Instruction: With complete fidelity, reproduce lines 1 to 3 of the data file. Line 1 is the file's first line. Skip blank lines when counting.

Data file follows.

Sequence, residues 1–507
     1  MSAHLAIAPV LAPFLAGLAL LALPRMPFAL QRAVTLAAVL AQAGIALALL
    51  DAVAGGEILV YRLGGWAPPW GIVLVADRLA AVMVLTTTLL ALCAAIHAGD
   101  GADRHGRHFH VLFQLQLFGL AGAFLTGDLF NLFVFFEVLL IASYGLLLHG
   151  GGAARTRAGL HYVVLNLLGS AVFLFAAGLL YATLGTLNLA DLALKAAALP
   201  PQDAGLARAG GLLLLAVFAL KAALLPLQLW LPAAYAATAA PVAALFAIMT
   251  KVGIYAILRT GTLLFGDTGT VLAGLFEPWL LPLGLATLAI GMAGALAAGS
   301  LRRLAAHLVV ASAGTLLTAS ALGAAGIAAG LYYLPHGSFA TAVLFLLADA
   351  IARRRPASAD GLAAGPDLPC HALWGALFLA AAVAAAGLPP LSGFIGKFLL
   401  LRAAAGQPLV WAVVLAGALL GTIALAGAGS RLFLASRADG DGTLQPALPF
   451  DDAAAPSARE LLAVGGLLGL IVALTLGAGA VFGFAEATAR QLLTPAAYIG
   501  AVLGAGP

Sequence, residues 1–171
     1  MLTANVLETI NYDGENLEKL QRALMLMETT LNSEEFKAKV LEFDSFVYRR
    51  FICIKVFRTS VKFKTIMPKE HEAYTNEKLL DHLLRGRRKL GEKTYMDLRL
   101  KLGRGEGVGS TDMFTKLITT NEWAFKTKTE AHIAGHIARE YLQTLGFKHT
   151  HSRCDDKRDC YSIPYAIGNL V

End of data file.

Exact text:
Sequence, residues 1–507
     1  MSAHLAIAPV LAPFLAGLAL LALPRMPFAL QRAVTLAAVL AQAGIALALL
    51  DAVAGGEILV YRLGGWAPPW GIVLVADRLA AVMVLTTTLL ALCAAIHAGD